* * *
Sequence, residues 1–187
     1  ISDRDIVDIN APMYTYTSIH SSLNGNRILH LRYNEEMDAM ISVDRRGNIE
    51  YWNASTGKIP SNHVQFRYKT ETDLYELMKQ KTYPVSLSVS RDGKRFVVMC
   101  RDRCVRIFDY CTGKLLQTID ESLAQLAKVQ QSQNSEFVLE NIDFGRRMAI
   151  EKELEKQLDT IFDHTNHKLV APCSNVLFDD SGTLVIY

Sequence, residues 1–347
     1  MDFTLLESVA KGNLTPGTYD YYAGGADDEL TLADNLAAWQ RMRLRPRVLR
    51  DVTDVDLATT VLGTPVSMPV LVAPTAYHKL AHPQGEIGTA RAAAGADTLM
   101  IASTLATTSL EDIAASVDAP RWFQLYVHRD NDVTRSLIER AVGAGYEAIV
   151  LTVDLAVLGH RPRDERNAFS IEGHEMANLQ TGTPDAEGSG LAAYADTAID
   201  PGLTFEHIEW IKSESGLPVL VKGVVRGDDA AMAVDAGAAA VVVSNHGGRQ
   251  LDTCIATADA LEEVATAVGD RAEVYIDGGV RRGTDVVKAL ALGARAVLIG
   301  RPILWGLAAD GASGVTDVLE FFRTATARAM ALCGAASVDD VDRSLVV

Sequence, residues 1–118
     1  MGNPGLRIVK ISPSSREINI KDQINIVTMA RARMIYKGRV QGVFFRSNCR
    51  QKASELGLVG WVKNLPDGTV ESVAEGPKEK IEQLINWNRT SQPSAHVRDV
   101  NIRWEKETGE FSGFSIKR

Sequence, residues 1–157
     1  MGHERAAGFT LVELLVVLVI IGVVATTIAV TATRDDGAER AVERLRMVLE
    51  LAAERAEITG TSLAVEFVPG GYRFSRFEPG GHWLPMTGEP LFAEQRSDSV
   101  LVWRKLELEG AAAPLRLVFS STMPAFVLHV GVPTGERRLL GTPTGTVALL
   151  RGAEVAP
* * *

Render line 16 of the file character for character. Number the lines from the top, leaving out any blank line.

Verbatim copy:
    51  QKASELGLVG WVKNLPDGTV ESVAEGPKEK IEQLINWNRT SQPSAHVRDV